"I did it the only way that an actor can," he said to TrekMovie.com, when asked how he coped. "I completely destroyed the lines that they gave me regarding the situation." He tanked the storyline, putting no effort into it. One time he "pinned the lines to the back of someone's shoulders" to read them. He also "pinned them around the office as if they were lines needed for daily modification." The producers eventually got the literal and figurative memo, and the story was phased out.

Connor Trinneer majorly regrets his death scene

Though Enterprise is by and large considered a malign part of Trek's history, fans still have an affection for it. And few characters from the series get more love than Trip Tucker, played by Connor Trinneer. Tucker was front and center for some of the show's best moments, such as dealing with the ethics of cloning in "Similitude," captaining the ship in "Twilight," and getting pregnant in "Unexpected."

He was also there for one of the franchise's worst hours, Enterprise's finale, which specifically included his pointless death. And it's been a source of frustration, if not regret.

Trinneer has the same criticisms of "These Are The Voyages" that most fans do. By including characters from The Next Generation, it did a disservice to the Enterprise crew. While it was nice to see Riker and Troi, it meant that the finale was just another TNG episode.

More importantly, Trinneer hates the way Tucker died, nearly blowing himself up to ward off exactly two attackers. He found the death arbitrary and rash, telling Trek Today, "I've gotten out of much worse scrapes than that." Trinneer does count himself as lucky in one way, though — at least he got an ending. As he explained to TV Guide, "I'm the only one who went out with a bang ... no pun intended. I got the goodbye no one else did."

Gates McFadden can't stand that Star Trek episode with the lamp

Every crew member on The Next Generation had a skeptical streak, but few were more grounded than Dr. Beverly Crusher. Spending six seasons as the chief medical officer of the Enterprise demands it. But there's also actress Gates McFadden, who to this day is baffled by what the writers were thinking when they gave her "Sub Rosa."

"Sub Rosa" is often listed as one of the worst episodes of The Next Generation. An attempt at Gothic romance in space, the story — in somewhat reductive terms — involves Beverly falling in love with a ghost inhabiting a lamp. It's worth mentioning that this lamp ghost has also seduced several generations of her family.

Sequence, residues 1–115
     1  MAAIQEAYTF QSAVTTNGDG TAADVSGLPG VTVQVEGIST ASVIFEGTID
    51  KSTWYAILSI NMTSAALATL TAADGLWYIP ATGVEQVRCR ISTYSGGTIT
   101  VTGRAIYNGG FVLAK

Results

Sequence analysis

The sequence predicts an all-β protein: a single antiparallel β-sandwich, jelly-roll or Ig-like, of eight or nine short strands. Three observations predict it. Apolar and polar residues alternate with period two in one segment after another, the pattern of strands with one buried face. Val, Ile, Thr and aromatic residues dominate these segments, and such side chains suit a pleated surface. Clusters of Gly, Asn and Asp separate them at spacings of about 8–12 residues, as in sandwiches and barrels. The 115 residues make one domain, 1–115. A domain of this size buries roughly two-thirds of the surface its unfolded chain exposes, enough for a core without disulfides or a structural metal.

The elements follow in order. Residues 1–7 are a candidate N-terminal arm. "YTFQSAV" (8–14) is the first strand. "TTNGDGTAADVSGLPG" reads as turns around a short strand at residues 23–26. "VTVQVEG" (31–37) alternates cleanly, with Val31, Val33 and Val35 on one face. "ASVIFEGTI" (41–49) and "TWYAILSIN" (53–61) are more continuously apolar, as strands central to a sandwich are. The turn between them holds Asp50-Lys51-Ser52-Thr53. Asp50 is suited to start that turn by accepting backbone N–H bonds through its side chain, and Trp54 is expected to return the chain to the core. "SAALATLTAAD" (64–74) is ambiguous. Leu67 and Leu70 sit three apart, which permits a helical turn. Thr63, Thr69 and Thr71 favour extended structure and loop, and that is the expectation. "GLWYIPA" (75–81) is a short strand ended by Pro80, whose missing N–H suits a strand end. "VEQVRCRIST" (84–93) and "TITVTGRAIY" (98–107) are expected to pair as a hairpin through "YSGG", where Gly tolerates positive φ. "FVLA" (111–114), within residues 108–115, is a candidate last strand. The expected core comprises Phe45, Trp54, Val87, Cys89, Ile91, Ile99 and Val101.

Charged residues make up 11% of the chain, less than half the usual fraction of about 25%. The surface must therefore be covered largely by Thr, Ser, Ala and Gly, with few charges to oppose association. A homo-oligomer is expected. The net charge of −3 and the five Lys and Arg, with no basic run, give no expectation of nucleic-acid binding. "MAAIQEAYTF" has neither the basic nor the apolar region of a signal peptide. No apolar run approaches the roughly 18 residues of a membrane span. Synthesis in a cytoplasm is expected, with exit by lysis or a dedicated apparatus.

As maligned as the episode is, criticism rarely falls to McFadden, who put on a particularly intimate performance without showing anything explicit. That's a credit to her as a performer, and content aside, the nature of the story gave the actress some enthusiasm. She called it "thrilling" to be "outside her uniform" and perform in a more creative way.

Nonetheless, she found the whole concept absurd. The script was written by Jeri Taylor, who some cast members credit with improving the writing for female characters. That seems to have made it more confusing for McFadden. As she explained at the 2012 Austin Comic-Con, "I was reading this, going, 'This woman became a doctor, and she's in love with a lamp?'"

Armin Shimerman regrets the first time he played a Ferengi

Armin Shimerman is best known as Quark on Deep Space Nine. But years before DS9 was even conceived, he had a part as a Ferengi on The Next Generation. And not just any Ferengi, either, but one of the first ones ever put to screen. 

He regrets every second of it.

Star Trek creator Gene Roddenberry imagined the Ferengi as the main antagonists for TNG. They were introduced in "The Last Outpost," just a few episodes into the new series. The Ferengi were meant to be menacing, threatening, and anything but funny. Nonetheless, they came across as comical, and the episode is held in low regard to this day. Their credibility as villains tanked, and they were mostly comic relief until Deep Space Nine. Shimerman blamed himself, telling Gamespot that he "failed miserably" and that "no one one bears the brunt of that mistake more than I do."

So Shimmeman approached Quark as an attempt to salvage the Ferengi. "All of my work on Deep Space Nine, for the first four seasons, was me trying to eradicate that original performance from everyone's mind."